Most obvious are the Nokia N97 and N97 mini, well below the required RAM line - in fact, I would also include every other Nokia S60 5th Edition phone in this grouping but there wasn't room on the diagram. Nokia made a big blunder in not equipping their flagship phones with enough RAM, only exceeded by the bigger blunder of not giving some of them enough disk space on their system disk (C). It's very telling that the three non-Nokia S60 5th Edition smartphones were all specified with more than enough RAM and ditto for the next-gen Nokia N8.
It's also instantly obvious that the smartphones above the line are well known 'heroes' of the Symbian world: E90, N82, N95 8GB and E71. All with oodles of RAM and a resulting decent experience when it comes to interface speed and multitasking under serious use. The Nokia N70 and N86 also qualify as 'heroes' here, I'd argue.
A much loved RAM 'hero', the Nokia E71
From the other zeroes, there's the Nokia 6680 (and 6630), with such a cramp applied by RAM that I had to write an article on working around the problem. There's the Nokia E61i, a still magnificent form factor that's rather hampered by low RAM and a poorly optimised OS implementation. And the recent Nokia E72 - aside from a poorly fitting battery cover and missing Podcasting, it also has to fight against less RAM than it really needed.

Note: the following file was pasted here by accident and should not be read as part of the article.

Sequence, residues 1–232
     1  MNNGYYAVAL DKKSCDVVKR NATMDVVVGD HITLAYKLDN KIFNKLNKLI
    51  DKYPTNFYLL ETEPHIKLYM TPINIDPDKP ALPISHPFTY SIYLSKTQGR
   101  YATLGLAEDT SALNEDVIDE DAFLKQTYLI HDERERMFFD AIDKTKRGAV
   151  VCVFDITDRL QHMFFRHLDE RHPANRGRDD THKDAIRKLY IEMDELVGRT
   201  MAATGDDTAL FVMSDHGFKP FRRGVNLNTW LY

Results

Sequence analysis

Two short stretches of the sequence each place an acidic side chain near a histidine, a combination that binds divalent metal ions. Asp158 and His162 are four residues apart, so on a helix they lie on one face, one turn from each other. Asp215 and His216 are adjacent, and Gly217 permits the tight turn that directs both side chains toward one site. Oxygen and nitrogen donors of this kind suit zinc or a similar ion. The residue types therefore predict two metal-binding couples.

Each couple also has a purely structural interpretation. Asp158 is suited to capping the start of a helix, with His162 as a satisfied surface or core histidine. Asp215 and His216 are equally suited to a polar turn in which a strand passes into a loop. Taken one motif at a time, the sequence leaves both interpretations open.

With both lines rising - and particularly that for touchscreen (Symbian^3 and beyond) phones, it's evident that devices will continue to need more RAM. The Nokia N8, with its 256MB, is likely to be OK for a year or so, by which time a replacement will be on the scene. Future Symbian^1 phones like the imminent C6 could really do with a RAM bump to the same level as the N8, to ensure that runtimes like Qt can be handled without dragging the OS down. The E5, also imminent, is confirmed as having 256MB of RAM and, as a result, is looking to be the Eseries pocket qwerty champion for at least the next year.